Patience Paying off for Process Trusters
If you've been down to 'The Center' for a Philadelphia 76ers game so far during the 2016-17 season - or even if you've been following from afar - you've undoubtedly felt an electricity surrounding the Sixers squad that has been largely absent over the past decade-plus.
The Sixers - spurred largely by the advanced and often-otherworldly play of rookie sensation Joel Embiid - are putting a product out on the hardwood that is not only very competitive - the team has won 6 of the last 7 games that Embiid has played in - but also extremely fun to watch; a status antithetical to the on-court product of the past several seasons.
Fans from across Philadelphia and beyond - many who had tuned the team out for years - have taken notice, and attendance for professional basketball is up in the city. The Philadelphia faithful are flocking to see the Sixers, and the rationale behind the mass migration to a team that was considered an afterthought in the city just a year ago is simple: the fans feel that in Embiid – and potentially Ben Simmons, who has yet to see the court - the team has legitimate piece(s) to build around that could actually deliver the game’s biggest prize somewhere down the line.
This feeling across the fan base is personified in the endearing ‘trust the process’ chants that ring out every time Embiid struts to the free throw line. These chants have even spread to rival cities, as Embiid’ infectious online persona and dominant demeanor on-court has started to win over fans across the league’s landscape.
These legitimate feelings of hope and excitement for the future based on the presence of the team’s own superstar(s) have not surrounding the Sixers since the days of Allen Iverson’s prime. (No, the 2012 Andre Iguodala-led iteration of the team didn’t inspire nearly the same kind of faith or frenzy, namely because the long-term ceiling of that unit was exponentially lower than that of the current crop.)
While Embiid's bold playoff proclamation – seemingly meant as much as a metaphor for the team's impending success as an actual prediction for this single season - may have been a tad premature, the team’s final standing on the season is far from the most important outcome of the current campaign in the long-run. In fact, the team would probably be better served with one more lottery landing, rather than a first-round showdown with the LeBron James-led Cavaliers as the eight seed in the East. Although, the experience there wouldn’t hurt the young Sixers either, as a playoff appearance would be a testament to work of the team’s young core.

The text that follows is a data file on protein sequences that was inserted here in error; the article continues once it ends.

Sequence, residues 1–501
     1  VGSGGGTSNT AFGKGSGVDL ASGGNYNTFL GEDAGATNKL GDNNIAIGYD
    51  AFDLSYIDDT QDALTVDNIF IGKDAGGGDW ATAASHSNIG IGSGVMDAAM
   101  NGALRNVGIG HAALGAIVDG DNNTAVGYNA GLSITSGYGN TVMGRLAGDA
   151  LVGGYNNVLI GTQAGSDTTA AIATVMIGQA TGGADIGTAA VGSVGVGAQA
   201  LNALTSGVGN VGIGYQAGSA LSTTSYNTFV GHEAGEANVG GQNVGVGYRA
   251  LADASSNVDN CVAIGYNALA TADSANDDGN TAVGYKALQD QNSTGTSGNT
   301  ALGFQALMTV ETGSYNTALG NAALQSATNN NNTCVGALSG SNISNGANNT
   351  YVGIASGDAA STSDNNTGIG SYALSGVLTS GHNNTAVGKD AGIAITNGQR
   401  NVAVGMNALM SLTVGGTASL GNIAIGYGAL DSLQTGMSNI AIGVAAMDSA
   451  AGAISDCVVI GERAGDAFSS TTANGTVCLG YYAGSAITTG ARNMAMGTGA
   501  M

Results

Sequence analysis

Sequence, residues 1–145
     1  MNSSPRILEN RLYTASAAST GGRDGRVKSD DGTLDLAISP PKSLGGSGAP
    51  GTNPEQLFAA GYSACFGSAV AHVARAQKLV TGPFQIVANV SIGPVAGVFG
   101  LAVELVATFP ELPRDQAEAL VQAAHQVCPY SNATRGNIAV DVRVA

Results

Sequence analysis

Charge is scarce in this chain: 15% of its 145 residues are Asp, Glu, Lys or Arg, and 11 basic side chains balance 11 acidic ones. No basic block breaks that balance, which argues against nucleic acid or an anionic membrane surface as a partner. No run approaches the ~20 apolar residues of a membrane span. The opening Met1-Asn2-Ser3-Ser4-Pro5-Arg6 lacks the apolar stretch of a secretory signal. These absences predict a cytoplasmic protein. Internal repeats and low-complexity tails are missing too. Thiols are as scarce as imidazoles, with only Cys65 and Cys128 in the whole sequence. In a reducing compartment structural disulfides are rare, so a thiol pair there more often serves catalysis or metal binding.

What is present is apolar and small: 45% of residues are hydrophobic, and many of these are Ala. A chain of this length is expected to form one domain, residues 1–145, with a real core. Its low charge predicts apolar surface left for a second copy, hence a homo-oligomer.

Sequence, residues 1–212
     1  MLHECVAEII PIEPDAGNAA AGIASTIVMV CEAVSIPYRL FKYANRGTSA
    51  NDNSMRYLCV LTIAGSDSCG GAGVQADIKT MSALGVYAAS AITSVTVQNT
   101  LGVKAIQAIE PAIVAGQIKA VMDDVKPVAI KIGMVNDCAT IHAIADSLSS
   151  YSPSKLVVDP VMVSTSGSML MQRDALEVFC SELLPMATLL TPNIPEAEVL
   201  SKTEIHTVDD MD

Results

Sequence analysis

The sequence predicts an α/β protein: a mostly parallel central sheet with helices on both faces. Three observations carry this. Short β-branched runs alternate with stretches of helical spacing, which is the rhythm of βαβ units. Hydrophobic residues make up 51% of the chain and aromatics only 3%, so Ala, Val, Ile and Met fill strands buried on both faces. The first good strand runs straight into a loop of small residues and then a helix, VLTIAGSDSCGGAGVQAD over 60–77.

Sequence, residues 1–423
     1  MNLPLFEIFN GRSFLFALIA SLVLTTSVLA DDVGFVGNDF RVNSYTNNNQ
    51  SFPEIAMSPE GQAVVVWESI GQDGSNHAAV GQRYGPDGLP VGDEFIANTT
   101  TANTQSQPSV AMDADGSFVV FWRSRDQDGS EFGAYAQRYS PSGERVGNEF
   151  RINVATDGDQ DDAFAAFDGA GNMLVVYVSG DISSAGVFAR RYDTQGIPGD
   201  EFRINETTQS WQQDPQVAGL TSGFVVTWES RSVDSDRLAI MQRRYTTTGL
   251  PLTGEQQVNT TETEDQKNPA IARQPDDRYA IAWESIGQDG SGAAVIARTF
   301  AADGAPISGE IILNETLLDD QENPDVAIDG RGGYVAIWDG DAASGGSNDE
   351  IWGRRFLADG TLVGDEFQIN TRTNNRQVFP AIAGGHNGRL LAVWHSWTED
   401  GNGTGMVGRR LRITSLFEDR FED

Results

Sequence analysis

That’s the thing, the Sixers are in a great position moving forward either way: a dominant two-way player to build around in Embiid, potentially another in Simmons, ample draft picks spread over the next several drafts, and abundant cap space; the exact formula for NBA success.
What we have seen over the course of the first half of the 2016-17 season is the metaphorical tip of the Sixers’ iceberg. Regardless of how the team finishes the season in regards to the final playoff picture, the main takeaway from this season is the fact that the franchise finally has authentic, young building blocks they can use to climb back to contention. There is legitimate hope – a rare and precious commodity in the Philadelphia sports landscape.
Many saw this coming, and are now finally beginning to reap the benefits of their patience and foresight. Each dominating performance from Embiid seems like a small wink to those that have ‘trusted the process’ since 2013. Now, their time is finally coming.
Because there's no barriers to entry on this thing called the ‘Embiid express,’ all are welcome, even those that publicly prodded and doubted ‘the process’ and its architect Sam Hinkie. Sure, they can cheer for Embiid now that his production is no longer a hypothetical, as there’s nothing wrong with supporting the city. But, the success that the Sixers are currently experiencing - and are poised to experience for the foreseeable future - will be that much sweeter for those who played it patient.